SFU Canada Research Chairs: Seminar Series "Saving Nemo: The science of ocean conservation"

Thursday, October 27, 2011
11:30 - 12:30

Dr. Nicholas Dulvy
Canada Research Chair in Marine Biodiversity and Conservation, Department of Biology


"How inappropriate to call this planet Earth when it is quite clearly Ocean." Arthur C. Clarke

The most recent geological epoch was defined by the discovery of agriculture ten thousand years ago. In this short space of time we have put one third of the Earth's ice-free land to the plough. In an even shorter space of time, over the last century, we have turned our technology to sieving the ocean for wild food. The supermarket shelf tells us that the oceans are inexhaustible, but without science we can never hope to know differently. Fisheries catches are stagnating and the seas are warming, raising questions as to whether we face the end of the oceans as we know them. There is no doubt that we have drawn heavily from our oceans to feed millions of people, but the question is whether we have done irreversible harm to the biodiversity of our seas? Here, I tell a travelogue of my wanders from library archives to some of the most remote islands and coasts in the world to bring back a story of the state of the oceans, and the possible futures of the oceans.

About the Speaker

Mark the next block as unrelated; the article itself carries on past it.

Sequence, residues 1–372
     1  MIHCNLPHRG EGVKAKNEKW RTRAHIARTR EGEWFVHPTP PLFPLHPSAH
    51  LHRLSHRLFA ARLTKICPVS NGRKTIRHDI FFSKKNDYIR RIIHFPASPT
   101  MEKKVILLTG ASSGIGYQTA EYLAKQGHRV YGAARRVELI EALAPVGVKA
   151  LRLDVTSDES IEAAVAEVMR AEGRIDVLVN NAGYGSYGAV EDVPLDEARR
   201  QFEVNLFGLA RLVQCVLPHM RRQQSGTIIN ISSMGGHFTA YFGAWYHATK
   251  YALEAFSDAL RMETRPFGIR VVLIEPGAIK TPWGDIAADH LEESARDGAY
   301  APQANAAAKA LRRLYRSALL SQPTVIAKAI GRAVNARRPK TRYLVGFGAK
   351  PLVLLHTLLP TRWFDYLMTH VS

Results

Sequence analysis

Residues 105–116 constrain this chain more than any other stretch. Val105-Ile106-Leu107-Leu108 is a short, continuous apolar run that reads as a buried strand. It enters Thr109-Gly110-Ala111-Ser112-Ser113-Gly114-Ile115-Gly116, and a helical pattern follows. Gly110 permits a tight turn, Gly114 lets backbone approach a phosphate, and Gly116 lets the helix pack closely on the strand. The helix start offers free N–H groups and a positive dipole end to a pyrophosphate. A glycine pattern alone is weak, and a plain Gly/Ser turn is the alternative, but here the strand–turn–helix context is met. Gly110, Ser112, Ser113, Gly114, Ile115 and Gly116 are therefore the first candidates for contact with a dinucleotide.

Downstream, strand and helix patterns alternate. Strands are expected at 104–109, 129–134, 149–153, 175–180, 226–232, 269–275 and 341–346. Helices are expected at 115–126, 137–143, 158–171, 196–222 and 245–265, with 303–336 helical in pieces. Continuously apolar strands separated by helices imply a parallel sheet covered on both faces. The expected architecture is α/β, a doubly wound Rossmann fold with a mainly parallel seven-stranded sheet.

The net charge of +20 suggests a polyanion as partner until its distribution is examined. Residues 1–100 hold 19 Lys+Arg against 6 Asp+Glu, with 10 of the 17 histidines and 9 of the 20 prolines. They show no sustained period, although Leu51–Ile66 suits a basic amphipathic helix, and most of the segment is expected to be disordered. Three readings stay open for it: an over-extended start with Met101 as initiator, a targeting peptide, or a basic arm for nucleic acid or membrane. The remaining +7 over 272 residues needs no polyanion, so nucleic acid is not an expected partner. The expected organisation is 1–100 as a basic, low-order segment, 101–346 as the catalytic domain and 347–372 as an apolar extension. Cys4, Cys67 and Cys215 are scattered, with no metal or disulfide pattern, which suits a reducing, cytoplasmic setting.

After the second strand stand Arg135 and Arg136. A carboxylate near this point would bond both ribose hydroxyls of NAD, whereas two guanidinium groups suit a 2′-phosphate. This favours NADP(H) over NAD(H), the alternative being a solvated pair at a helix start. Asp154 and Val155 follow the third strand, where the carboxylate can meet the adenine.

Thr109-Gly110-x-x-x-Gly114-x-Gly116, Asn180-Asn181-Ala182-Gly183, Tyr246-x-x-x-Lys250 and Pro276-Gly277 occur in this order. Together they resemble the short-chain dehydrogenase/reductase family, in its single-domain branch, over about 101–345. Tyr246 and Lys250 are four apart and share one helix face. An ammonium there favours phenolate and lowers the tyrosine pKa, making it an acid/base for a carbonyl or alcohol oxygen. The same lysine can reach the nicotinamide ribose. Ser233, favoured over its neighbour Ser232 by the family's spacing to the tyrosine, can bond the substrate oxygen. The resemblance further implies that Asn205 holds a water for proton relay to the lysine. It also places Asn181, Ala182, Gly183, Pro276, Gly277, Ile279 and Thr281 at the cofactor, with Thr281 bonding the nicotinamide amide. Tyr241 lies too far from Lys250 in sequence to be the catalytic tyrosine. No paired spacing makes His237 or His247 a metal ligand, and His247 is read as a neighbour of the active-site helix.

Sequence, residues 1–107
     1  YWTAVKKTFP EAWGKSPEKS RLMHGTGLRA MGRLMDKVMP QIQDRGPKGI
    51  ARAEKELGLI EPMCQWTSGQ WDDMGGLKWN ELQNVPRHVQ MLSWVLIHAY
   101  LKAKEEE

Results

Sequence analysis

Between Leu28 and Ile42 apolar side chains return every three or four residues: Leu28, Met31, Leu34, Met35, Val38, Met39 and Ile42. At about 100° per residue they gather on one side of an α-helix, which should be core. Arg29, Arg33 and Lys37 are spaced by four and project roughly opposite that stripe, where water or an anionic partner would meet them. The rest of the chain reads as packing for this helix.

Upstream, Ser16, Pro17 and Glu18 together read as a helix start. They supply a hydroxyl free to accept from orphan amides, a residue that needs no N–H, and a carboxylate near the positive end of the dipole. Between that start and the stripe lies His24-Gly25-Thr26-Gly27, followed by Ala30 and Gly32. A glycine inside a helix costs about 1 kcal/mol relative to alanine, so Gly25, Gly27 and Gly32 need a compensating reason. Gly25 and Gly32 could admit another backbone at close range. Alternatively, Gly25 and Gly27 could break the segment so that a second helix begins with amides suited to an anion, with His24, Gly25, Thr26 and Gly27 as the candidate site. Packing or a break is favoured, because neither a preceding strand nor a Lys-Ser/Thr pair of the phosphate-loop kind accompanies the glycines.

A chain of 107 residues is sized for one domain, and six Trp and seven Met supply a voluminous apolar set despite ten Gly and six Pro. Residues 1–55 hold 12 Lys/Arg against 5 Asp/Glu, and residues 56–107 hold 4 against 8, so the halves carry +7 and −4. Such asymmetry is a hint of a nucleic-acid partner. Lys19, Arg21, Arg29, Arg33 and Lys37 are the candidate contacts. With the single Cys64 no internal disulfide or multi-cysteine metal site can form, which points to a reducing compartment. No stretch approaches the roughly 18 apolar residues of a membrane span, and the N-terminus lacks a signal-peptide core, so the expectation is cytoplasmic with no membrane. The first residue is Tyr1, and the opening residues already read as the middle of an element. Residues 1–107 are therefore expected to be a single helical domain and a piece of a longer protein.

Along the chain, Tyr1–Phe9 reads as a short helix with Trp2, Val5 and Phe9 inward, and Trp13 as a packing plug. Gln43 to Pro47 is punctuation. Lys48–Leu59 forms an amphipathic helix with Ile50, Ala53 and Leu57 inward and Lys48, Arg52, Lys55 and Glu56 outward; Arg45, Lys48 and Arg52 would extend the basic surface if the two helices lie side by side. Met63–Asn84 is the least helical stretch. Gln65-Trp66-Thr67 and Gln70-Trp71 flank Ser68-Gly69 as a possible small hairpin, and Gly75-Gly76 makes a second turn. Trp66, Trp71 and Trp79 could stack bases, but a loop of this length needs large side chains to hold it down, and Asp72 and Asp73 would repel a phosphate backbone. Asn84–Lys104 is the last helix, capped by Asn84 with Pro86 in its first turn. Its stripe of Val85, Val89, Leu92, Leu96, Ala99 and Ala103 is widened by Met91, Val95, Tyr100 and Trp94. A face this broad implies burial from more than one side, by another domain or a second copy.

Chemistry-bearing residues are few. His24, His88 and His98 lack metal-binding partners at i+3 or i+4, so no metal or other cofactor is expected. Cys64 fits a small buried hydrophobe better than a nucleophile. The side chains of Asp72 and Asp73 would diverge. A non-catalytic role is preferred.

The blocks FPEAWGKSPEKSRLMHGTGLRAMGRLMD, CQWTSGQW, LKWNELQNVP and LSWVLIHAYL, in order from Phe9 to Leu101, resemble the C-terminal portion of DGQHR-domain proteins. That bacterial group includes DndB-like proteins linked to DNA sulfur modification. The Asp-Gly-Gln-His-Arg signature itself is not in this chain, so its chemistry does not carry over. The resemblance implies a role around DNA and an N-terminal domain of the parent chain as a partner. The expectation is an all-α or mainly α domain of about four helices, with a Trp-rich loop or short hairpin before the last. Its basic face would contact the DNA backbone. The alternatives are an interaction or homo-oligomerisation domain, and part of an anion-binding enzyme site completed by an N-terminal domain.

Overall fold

Dr Nicholas Dulvy completed his B.Sc. in Animal Zoology at the University of Birmingham, UK before taking up a position as scientific officer for an expedition to Mafia Island, Tanzania. On his return he completed his Ph.D. in evolutionary ecology at the University of East Anglia, UK in 1999, before moving to Fiji to begin a postdoctoral fellowship on "alternate stable states of coral reefs". On his return he was a lecturer at the University of Newcastle-upon-Tyne, UK and in 2003 he became a policy advisor and research scientist at the UK government fisheries agency. Nick is a Professor in the Department of Biological Sciences after joining SFU in 2008 as an Associate Professor and CRC tier II in Marine Biodiversity and Conservation. He has been the Co-Chair of the International Union for the Conservation of Nature Shark Specialist Group - a global volunteer network of around 160 scientists and experts from 90 countries in 12 ocean regions. The SSG has a mission: "to secure the conservation, management and recovery of the world's sharks, rays and chimaeras through the mobilisation of global technical expertise". The focus of his work is to understand the nature and scale of global change using comparative analyses of populations, communities and ecosystems along temporal and spatial gradients of human impact. He has published over eighty peer-reviewed paper and book chapters on life histories, extinction risk, the ecosystem impacts of fishing and the ecological and socioeconomic impacts of climate change. In 2009 he was presented with the Zoological Society of London's Marsh Award for Marine and Freshwater Conservation which is awarded for "contributions of fundamental science and its application to the conservation in marine and/or freshwater ecosystems". The award citation was for "research on the effects of climate change on fisheries and coastal communities, as well as threat and extinction risks in the context of improving fisheries management". In 2010, he was made a Conservation Fellow of the Zoological Society of London, an award "to honour individuals who have made exceptional contributions to conservation".